# Directives using ngModelController

# A simple control: rating

Let us build a simple control, a rating widget, intended to be used as:

<rating min="0" max="5" nullifier="true" ng-model="data.rating"></rating>

No fancy CSS for now; this would render as:

0 1 2 3 4 5 x

Clicking on a number selects that rating; and clicking the "x" sets the rating to null.

app.directive('rating', function() {

    function RatingController() {
        this._ngModel = null;
        this.rating = null;
        this.options = null;
        this.min = typeof this.min === 'number' ? this.min : 1;
        this.max = typeof this.max === 'number' ? this.max : 5;
    }
    
    RatingController.prototype.setNgModel = function(ngModel) {
        this._ngModel = ngModel;
        
        if( ngModel ) {
            // KEY POINT 1
            ngModel.$render = this._render.bind(this);
        }
    };
    
    RatingController.prototype._render = function() {
        this.rating = this._ngModel.$viewValue != null ? this._ngModel.$viewValue : -Number.MAX_VALUE;
    };
    
    RatingController.prototype._calculateOptions = function() {
        if( this.min == null || this.max == null ) {
            this.options = [];
        }
        else {
            this.options = new Array(this.max - this.min + 1);
            for( var i=0; i < this.options.length; i++ ) {
                this.options[i] = this.min + i;
            }
        }
    };
    
    RatingController.prototype.setValue = function(val) {
        this.rating = val;
        // KEY POINT 2
        this._ngModel.$setViewValue(val);
    };
    
    // KEY POINT 3
    Object.defineProperty(RatingController.prototype, 'min', {
        get: function() {
            return this._min;
        },
        set: function(val) {
            this._min = val;
            this._calculateOptions();
        }
    });
    
    Object.defineProperty(RatingController.prototype, 'max', {
        get: function() {
            return this._max;
        },
        set: function(val) {
            this._max = val;
            this._calculateOptions();
        }
    });
    
    return {
        restrict: 'E',
        scope: {
            // KEY POINT 3
            min: '<?',
            max: '<?',
            nullifier: '<?'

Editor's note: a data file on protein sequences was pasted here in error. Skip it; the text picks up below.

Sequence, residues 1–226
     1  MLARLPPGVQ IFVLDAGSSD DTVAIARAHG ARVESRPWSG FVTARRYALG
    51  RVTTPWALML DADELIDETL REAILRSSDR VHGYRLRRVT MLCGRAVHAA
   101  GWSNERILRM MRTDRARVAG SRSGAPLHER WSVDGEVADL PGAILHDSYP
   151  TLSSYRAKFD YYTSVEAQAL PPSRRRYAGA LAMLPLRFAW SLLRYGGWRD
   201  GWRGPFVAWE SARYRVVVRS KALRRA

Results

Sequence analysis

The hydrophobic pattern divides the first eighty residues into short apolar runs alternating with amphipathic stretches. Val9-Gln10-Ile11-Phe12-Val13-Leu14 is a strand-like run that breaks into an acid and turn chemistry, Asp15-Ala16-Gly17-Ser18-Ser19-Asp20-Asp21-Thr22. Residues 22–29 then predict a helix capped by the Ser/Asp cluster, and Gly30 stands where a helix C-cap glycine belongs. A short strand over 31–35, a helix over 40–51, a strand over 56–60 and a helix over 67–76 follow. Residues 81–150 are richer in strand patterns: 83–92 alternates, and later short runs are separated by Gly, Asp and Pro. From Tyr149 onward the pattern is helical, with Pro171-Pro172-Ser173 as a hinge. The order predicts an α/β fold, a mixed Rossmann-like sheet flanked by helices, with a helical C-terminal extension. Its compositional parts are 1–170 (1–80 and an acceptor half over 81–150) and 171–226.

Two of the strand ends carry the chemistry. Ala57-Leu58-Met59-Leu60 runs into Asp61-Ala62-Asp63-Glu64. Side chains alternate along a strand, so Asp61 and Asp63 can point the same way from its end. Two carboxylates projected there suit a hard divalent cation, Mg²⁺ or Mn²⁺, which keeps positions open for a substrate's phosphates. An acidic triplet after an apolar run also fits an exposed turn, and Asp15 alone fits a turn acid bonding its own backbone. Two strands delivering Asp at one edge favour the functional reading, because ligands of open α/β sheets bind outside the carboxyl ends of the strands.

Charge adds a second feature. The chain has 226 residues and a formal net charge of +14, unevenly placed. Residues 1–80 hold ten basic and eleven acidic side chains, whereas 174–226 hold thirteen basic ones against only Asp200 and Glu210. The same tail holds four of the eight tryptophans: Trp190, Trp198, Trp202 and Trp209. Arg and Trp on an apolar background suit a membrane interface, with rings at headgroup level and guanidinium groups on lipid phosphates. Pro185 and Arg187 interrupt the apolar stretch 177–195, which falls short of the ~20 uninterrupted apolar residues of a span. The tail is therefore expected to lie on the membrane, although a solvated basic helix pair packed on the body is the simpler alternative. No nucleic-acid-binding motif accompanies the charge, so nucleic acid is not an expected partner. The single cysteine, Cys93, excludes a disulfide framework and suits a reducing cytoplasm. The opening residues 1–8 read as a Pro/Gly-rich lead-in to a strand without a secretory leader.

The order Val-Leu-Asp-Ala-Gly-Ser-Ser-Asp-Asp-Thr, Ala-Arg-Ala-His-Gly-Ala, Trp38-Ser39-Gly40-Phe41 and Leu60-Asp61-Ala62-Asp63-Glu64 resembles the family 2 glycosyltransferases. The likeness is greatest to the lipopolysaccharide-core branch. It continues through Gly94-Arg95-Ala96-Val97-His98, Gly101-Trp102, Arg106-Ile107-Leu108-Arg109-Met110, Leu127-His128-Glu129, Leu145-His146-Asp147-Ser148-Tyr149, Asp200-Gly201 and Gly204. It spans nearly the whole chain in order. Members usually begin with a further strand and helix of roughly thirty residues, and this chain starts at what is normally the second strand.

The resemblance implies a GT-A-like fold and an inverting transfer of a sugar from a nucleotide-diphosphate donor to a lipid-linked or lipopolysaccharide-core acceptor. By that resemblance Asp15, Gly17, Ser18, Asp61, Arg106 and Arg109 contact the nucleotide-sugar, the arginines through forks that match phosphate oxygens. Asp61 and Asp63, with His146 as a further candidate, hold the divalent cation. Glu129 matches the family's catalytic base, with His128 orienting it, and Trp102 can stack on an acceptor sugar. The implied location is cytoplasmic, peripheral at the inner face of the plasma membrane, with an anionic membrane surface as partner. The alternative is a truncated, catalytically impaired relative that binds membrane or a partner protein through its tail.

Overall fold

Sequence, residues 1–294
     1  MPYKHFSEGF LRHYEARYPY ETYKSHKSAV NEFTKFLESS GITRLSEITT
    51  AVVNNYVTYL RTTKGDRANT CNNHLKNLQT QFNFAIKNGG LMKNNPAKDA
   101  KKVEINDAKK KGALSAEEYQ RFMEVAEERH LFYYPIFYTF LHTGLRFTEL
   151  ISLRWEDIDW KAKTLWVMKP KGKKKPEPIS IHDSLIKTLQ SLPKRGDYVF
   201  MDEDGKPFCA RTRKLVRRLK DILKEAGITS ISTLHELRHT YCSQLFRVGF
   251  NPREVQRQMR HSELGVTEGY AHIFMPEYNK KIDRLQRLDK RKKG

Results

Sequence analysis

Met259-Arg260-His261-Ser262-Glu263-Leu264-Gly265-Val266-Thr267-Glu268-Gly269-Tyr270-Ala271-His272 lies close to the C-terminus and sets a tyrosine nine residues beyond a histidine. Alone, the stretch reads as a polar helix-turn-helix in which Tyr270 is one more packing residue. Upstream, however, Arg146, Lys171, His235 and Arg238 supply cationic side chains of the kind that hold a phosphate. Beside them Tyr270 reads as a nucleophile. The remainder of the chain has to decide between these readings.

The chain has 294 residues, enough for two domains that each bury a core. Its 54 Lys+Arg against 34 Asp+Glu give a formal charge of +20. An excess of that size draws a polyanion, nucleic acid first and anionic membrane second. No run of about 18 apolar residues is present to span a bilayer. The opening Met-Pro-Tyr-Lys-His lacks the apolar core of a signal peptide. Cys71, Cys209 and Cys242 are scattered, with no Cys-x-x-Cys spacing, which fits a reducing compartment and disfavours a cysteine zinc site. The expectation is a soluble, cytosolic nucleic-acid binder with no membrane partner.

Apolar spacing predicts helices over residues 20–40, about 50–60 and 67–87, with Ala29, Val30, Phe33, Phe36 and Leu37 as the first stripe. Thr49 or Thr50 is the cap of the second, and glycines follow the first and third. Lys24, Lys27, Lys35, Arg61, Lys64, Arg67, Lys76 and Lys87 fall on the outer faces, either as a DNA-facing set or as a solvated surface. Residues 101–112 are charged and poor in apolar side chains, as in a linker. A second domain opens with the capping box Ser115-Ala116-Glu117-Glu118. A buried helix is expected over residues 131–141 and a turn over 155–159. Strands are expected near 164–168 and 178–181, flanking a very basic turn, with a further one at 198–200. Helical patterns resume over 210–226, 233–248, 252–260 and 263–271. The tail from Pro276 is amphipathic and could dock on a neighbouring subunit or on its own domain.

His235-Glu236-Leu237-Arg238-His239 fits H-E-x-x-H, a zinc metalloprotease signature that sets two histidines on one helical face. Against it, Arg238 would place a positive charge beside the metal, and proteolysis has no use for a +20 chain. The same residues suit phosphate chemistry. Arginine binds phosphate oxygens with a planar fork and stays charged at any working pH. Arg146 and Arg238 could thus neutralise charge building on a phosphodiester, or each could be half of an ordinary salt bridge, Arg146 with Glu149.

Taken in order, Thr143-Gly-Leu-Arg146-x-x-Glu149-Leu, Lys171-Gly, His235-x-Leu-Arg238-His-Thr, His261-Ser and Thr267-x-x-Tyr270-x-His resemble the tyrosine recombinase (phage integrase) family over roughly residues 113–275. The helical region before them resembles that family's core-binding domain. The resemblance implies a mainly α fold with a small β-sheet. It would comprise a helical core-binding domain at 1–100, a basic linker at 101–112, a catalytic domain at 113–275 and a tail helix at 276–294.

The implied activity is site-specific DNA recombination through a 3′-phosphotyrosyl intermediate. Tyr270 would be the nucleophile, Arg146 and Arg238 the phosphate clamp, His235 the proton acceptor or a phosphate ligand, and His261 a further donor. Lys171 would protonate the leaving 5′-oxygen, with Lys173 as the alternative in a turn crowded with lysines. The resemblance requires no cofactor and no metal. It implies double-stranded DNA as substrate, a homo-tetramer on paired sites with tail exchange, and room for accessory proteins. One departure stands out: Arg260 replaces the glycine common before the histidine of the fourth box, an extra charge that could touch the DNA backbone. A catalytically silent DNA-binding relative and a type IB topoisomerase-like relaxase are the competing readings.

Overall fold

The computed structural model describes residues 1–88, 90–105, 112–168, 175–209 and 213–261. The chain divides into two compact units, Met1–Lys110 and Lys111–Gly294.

},
        bindToController: true,
        controllerAs: 'ctrl',
        controller: RatingController,
        require: ['rating', 'ngModel'],
        link: function(scope, elem, attrs, ctrls) {
            ctrls[0].setNgModel(ctrls[1]);
        },
        template:
            '<span ng-repeat="o in ctrl.options" href="#" class="rating-option" ng-class="{\'rating-option-active\': o <= ctrl.rating}" ng-click="ctrl.setValue(o)">{ { o } }</span>' +
            '<span ng-if="ctrl.nullifier" ng-click="ctrl.setValue(null)" class="rating-nullifier">&#10006;</span>'
    };
});

Key points:

  1. Implement ngModel.$render to transfer the model's view value to your view.
  2. Call ngModel.$setViewValue() whenever you feel the view value should be updated.
  3. The control can of course be parameterized; use '<' scope bindings for parameters, if in Angular >= 1.5 to clearly indicate input - one way binding. If you have to take action whenever a parameter changes, you can use a JavaScript property (see Object.defineProperty()) to save a few watches.

Note 1: In order not to overcomplicate the implementation, the rating values are inserted in an array - the ctrl.options. This is not needed; a more efficient, but also more complex, implementation could use DOM manipulation to insert/remove ratings when min/max change.

Note 2: With the exception of the '<' scope bindings, this example can be used in Angular < 1.5. If you are on Angular >= 1.5, it would be a good idea to tranform this to a component and use the $onInit() lifecycle hook to initialize min and max, instead of doing so in the controller's constructor.

And a necessary fiddle: https://jsfiddle.net/h81mgxma/

# A couple of complex controls: edit a full object

A custom control does not have to limit itself to trivial things like primitives; it can edit more interesting things. Here we present two types of custom controls, one for editing persons and one for editing addresses. The address control is used to edit the person's address. An example of usage would be:

<input-person ng-model="data.thePerson"></input-person>
<input-address ng-model="data.thePerson.address"></input-address>

The model for this example is deliberately simplistic:

function Person(data) {
  data = data || {};
  this.name = data.name;
  this.address = data.address ? new Address(data.address) : null;
}

function Address(data) {
  data = data || {};
  this.street = data.street;
  this.number = data.number;
}

The address editor:

app.directive('inputAddress', function() {

    InputAddressController.$inject = ['$scope'];
    function InputAddressController($scope) {
        this.$scope = $scope;
        this._ngModel = null;
        this.value = null;